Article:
e-mythpasbastay at home momwork life balanceworking IN busness

Structure Your Business for Work Life Balance

While at a conference for PASBA (Professional Association of Small Business Accountants) earlier this month, our keynote session was from the E-Myth Worldwide Group.  We discussed all of the traditional principles of managing your business rather than just working in it.  If you have not read the book, go get it today and read about yourself if you are a small business owner.  The work-life balance is something everyone struggles with, including me.

The speaker had us go through an exercise of writing down our goals for what we like to be doing versus what duties we actually perform in our business in a given day.  I’m sure that 99% of the members had a consistent theme of what we would like to be doing — working less and spending more time with family and friends.  I am included in that group.  Don’t get me wrong, I love what I do and am passionate about it.  But, I’m also passionate about living the rest of my life outside of work. 

Last week, my husband left on a fishing trip to Portsmouth Island (near the Outer Banks of NC) and has been stranded there due to weather and wind for a couple of extra days.  My mom also lives near me, but is out of town visiting our family in Ohio.  So that leaves me with my soon to be four year old son, Zack, and being a full-time stay at home mommy for a few days.  I have to keep reminding myself that it is a time that I will never get to relive so I put the work aside (for the most part) and live in the moment of being a mom.  Zack saw a picture of his dad on my TweetDeck and wanted me to make it bigger.  He said, “Mommy, I miss that guy.”  It reminded me how important it is to spend time with your children and family.  We have had a great time and guess what?  The office is still standing and our customers are still getting their questions answered in a timely fashion due to our remote work environment and the invention of the century, my Crackberry, I mean, Blackberry.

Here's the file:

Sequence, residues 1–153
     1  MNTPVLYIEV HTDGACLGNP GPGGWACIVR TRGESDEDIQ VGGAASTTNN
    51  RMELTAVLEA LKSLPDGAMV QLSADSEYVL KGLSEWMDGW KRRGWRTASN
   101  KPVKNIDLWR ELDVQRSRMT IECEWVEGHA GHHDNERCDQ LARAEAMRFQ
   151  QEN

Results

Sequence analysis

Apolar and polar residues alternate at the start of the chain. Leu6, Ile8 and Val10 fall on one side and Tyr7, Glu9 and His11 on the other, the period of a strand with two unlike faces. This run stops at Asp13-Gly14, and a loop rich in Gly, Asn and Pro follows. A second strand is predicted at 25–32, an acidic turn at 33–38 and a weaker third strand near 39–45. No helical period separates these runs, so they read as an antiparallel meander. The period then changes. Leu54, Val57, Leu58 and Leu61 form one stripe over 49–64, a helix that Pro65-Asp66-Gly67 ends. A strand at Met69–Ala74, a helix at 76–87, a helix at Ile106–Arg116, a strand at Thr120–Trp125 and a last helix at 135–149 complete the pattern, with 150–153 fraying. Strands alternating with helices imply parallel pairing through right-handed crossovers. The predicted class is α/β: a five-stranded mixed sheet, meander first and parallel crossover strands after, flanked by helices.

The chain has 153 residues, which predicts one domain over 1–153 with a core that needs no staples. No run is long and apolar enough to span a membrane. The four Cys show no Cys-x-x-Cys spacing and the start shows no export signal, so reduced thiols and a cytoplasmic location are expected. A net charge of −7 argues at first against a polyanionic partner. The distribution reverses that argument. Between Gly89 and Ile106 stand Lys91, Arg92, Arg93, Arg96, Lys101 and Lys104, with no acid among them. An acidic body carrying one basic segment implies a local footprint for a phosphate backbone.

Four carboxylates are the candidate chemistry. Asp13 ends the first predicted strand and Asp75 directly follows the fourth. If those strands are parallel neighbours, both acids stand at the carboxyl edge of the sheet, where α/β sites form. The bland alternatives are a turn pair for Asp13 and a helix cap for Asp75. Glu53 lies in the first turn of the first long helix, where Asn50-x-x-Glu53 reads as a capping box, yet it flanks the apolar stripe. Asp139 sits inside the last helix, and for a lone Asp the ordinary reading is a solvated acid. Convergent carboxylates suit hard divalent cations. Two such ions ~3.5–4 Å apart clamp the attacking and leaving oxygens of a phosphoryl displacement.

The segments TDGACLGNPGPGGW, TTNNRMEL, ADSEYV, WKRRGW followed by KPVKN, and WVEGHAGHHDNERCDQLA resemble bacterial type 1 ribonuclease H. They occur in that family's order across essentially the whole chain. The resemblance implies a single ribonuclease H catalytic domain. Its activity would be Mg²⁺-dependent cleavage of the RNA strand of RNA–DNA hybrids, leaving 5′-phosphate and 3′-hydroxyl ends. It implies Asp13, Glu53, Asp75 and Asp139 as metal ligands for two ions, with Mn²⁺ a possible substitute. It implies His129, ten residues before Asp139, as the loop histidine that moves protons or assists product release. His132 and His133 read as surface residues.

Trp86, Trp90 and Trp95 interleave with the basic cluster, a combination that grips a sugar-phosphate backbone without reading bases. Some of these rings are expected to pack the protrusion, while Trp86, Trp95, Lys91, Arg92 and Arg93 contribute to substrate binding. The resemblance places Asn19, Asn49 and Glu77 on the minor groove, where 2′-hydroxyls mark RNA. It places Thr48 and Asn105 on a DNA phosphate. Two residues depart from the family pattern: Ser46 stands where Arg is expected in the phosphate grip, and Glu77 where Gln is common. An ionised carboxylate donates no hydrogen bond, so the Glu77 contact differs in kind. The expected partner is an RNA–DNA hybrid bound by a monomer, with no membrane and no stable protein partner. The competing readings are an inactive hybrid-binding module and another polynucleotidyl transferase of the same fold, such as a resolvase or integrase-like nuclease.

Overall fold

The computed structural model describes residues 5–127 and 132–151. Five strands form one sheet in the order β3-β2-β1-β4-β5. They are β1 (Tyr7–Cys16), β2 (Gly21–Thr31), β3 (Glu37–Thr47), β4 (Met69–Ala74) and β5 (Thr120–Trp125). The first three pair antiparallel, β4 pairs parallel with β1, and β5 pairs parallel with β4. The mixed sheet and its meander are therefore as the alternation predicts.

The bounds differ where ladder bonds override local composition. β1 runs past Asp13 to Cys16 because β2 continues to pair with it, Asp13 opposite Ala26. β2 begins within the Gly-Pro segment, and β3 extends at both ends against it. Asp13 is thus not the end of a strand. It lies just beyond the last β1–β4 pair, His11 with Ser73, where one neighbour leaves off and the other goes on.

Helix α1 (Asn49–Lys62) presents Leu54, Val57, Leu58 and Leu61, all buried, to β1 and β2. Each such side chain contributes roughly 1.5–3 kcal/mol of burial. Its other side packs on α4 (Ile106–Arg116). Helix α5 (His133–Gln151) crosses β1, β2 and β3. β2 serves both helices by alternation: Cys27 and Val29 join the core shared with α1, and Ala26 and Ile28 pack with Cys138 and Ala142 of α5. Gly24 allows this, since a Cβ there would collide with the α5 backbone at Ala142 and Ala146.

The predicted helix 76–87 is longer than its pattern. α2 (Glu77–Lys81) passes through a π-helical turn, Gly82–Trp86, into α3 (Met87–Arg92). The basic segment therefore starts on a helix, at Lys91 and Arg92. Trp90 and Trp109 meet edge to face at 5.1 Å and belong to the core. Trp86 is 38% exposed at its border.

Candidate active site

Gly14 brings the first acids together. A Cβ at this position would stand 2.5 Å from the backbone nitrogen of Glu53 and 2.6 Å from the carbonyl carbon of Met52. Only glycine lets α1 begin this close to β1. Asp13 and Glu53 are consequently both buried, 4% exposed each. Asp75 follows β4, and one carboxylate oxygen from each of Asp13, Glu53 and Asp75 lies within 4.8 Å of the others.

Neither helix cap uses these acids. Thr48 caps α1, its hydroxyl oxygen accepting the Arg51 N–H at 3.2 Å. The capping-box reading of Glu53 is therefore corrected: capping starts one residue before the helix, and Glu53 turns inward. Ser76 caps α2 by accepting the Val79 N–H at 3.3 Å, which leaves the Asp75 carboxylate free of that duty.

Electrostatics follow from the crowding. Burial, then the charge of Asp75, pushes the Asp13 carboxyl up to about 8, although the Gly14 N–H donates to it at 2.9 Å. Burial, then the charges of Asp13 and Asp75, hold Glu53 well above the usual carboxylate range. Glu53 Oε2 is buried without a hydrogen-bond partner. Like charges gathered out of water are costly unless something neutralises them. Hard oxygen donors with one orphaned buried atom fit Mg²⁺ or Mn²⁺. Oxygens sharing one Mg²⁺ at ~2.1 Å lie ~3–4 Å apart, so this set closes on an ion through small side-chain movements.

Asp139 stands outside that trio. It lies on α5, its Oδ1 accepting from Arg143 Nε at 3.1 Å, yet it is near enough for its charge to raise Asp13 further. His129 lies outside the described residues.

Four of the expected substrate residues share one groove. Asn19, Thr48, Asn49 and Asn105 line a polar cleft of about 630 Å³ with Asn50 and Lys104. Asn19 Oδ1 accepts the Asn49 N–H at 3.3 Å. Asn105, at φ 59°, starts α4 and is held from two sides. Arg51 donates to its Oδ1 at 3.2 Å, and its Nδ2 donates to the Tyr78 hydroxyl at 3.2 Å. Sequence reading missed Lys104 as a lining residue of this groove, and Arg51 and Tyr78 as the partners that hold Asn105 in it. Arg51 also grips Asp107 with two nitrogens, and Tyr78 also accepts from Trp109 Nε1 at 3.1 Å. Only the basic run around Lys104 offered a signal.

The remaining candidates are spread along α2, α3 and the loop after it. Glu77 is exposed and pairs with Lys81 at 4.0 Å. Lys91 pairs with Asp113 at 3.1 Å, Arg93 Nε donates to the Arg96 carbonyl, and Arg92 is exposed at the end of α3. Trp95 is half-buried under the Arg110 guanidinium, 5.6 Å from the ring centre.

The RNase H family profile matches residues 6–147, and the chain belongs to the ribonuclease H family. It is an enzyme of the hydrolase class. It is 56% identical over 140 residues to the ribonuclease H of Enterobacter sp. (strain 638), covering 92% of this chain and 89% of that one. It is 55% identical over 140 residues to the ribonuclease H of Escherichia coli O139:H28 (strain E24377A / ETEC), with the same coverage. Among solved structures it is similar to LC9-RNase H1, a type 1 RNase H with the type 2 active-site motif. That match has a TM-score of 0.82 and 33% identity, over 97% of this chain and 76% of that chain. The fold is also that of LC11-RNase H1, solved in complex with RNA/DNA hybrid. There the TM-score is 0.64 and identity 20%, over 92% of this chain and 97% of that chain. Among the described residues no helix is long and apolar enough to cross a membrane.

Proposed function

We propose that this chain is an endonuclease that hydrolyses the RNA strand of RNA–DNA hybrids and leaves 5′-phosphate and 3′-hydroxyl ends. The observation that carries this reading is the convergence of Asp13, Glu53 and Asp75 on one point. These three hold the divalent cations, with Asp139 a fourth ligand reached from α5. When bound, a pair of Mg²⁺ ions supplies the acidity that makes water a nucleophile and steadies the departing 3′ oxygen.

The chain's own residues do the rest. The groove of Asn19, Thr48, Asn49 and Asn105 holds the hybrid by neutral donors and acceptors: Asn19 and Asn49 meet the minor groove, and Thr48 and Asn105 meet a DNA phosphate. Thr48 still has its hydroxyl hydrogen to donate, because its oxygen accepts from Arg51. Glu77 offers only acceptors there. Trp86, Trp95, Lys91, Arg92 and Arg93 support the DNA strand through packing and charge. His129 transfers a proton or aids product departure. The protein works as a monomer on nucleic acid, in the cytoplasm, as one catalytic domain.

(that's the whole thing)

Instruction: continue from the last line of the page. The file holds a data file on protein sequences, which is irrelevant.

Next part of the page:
Take a look at your business.  Can it survive if you are out for a week or two?  If the answer to this is no, admit it, you need help.  There may be some easy things that can be resolved with technology or outsourcing.  Or maybe its just a matter of having that contingency plan to have others trained to do what you do.  To maximize the value of your business, you cannot be a cornerstone in running the business every moment of the day.  It needs written processes and procedures so someone else can step up to the plate if necesary.  This process will also give you a great peace of mind in knowing that your business is a self-sustaining entity. 

As Michael Gerber reminds me each day, “small business owners spend too much time working IN their business rather than ON their business”.  I remember when I am at the office because his words are framed and on my desk.  Come see me to discuss this important topic and I’ll remind you too!